Labels are Confusing, So Here's How to Navigate the Egg Aisle
Farm fresh, cage-free, free-range, pasture-raised, organic, Non-GMO— a simple and memorable guide to help decipher the daunting aisle.
If you’ve ever wandered down the egg aisle, frantically glancing from egg carton to egg carton to determine which one is “best” — well….you’re human.
Unfortunately, the confusing terms and visual homogeneity make it difficult for most people to find cartons that reflect their everyday values – like sustainability, freedom from chemicals and antibiotics, and animal welfare.
That’s why we’ve decided to decipher the top label terms to help you make the most of your next aisle eggventure.
“Farm Fresh” and “All Natural”
Before we dive into it, let’s start off by busting some labeling myths that have stumped even the best of us at one time or another. While terms like “farm fresh” and “all natural” might spark images of idyllic pastures and hand-delivered eggs, turns out, these words mean…well, literally nothing. They’re just words. While the terms below are worth learning, these two can be entirely ignored. Onwards!
While “cage-free” might sound well-meaning, it turns out this claim doesn’t do a whole lot for the hens in question. In fact, this term typically means that each hen has no more than 1 sq foot (!) of personal space and never goes outside. Doesn’t sound so bad? Imagine standing 1 foot away from your roommate … at all times.
It’s really not cute.
Free in the name must be good, right? Well, not that free, really. The problem here is that many producers are allowed to personally interpret how they want to define “free range”. In fact, the U.S. Department of Agriculture (USDA) has not defined the term for eggs (only for livestock chickens). This means that it could mean 21 sq feet of outdoor space, or it could (and more often does) mean 2 sq feet of indoor space (think: the seat of an average chair) — depending on the standards of those certifying the farmer (and how much those standards cost).
Deceiving and definitely not so cute.
This is widely agreed upon to be the top of the line when it comes to animal welfare and sustainability. Not only do pasture-raised hens get access to outdoor space, but lots of it. In fact, “pasture-raised” requires that each hen gets 108.9 sq feet of space to herself — a pretty luxe set up if you ask us. At Handsome Brook Farms, we also routinely rotate the area in which these hens graze, to ensure they have access to varied diets and scenery.
Now this is a Handsome choice.
This term means that hens are fed non-GMO grains. That said, while the grains may be non-GMO, the pasture and crops can still be treated with chemical pesticides, and hens may receive antibiotics. It’s typically important to combine this term with others to ensure you’re getting the best of the best (and remember, “certified organic” foods are always non-GMO).
So, maybe not cute. Nope, perhaps not at all.
If you’re taking the time to read this article, there’s a strong chance that you’ve sought out the word “organic” before — but what does it actually mean? Well, lucky for you, we wrote a whole dedicated post addressing this topic. Long story short? The hens, their land and feed are free from chemical pesticides, GMOs and antibiotics — which means you are too.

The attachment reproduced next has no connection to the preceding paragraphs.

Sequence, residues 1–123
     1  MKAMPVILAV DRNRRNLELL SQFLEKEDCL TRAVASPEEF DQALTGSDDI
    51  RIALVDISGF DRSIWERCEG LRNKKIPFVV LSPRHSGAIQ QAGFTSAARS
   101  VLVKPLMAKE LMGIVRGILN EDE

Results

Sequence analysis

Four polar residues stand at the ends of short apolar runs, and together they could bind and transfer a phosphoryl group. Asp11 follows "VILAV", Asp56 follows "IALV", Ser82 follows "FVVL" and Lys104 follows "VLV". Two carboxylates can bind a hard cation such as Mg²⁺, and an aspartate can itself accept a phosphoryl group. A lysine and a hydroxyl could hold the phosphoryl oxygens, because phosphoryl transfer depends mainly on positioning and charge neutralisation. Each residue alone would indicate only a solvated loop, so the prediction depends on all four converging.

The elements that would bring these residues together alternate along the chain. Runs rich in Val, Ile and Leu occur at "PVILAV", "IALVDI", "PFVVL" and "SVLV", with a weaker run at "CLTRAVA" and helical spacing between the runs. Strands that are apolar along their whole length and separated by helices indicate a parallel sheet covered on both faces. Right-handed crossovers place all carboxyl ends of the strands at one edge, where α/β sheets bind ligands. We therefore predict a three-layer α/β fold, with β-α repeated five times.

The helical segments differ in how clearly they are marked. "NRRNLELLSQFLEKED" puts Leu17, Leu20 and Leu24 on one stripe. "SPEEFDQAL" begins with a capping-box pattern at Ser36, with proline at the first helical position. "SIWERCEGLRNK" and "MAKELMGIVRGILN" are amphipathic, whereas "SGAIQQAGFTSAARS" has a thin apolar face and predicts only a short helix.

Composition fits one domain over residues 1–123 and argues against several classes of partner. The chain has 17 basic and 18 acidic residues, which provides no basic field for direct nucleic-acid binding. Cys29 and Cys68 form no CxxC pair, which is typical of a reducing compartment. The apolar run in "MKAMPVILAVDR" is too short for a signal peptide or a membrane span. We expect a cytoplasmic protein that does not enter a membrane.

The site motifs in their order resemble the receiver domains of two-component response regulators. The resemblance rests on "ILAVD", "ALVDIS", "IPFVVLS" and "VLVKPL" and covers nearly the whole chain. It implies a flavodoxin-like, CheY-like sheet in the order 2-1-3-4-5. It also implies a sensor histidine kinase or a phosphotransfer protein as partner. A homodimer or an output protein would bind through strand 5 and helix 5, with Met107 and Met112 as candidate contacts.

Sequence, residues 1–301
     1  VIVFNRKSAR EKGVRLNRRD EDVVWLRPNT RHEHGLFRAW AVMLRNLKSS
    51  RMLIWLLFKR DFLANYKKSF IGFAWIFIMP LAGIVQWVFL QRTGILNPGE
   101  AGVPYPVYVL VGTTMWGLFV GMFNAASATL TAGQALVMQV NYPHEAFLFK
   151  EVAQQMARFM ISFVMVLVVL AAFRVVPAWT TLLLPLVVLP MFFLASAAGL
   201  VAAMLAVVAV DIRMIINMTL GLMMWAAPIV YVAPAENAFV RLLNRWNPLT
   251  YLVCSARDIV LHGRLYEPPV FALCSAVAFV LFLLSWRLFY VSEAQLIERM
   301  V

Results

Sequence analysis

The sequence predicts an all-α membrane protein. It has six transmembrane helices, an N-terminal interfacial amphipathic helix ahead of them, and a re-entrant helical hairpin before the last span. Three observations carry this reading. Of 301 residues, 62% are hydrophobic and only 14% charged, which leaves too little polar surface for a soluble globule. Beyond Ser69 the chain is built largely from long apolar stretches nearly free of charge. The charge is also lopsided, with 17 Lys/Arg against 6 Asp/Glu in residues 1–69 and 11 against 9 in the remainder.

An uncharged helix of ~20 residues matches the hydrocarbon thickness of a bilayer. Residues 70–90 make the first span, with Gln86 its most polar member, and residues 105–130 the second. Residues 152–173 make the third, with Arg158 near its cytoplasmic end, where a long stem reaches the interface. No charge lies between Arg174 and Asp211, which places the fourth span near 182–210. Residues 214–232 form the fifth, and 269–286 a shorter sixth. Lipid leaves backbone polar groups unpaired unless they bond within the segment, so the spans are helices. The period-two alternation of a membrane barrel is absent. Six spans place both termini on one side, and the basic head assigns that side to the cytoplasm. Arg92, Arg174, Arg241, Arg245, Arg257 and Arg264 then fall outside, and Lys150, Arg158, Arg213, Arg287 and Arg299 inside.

Other (non-label) items to consider
Understanding the terms above can help give you a boost of confidence while booking it through the egg aisle, but why not dig a little bit deeper into a product you and your family are likely buying and consuming weekly. Regionality, packaging & regenerative agriculture are also big factors on the sustainability index, but unfortunately many brands aren’t so forthcoming about their stances on these fronts.
Producing items closer to where they’ll be consumed is an important piece in the sustainability puzzle. It cuts down the byproducts of long-distance transportation required by other less local distribution methods. While this might take a bit of Googling, it’s worth understanding if you’re seeking to support a sustainable producer. At Handsome Brook Farm, we cluster small family farms in specific regions (10 states from NYC to Oklahoma) and pack regionally to service retailers (Southeast, Moark Region, Central Midwest and Northeast). This helps us build an even healthier supply chain with less carbon emissions. (Keep in mind, though — local doesn’t always mean quality, so make sure you’re looking out for high standards across the board. Local is only one piece of this sustainability puzzle.)
Very, very cute. Handsome, some might say.
The type of packaging used by egg producers can signal their commitment to sustainability. Handsome Brook Farms is proud to use a hybrid carton for our primary branded product, which is made up of a combination of molded pulp and paperboard. Our half dozen and one dozen egg cartons can be recycled, fully composted, or used as biodegradable vessels for planting seedlings.
Also very handsome.
Pasture rotation, reseeding, and tree planting all improve the long–term resilience of the land, which makes for a healthier planet. We practice regenerative agriculture and are also working a roadmap to identify areas where we can reduce or completely offset greenhouse gas impact.
Handsome is as handsome does, afterall.
After diving into these definitions, we hope it makes sense why at Handsome Brook Farms, it’s always important for us to be not only pasture-raised, but also organic — combining the best of both worlds to ensure that our hens, farmers and customers are their healthiest, safest and happiest.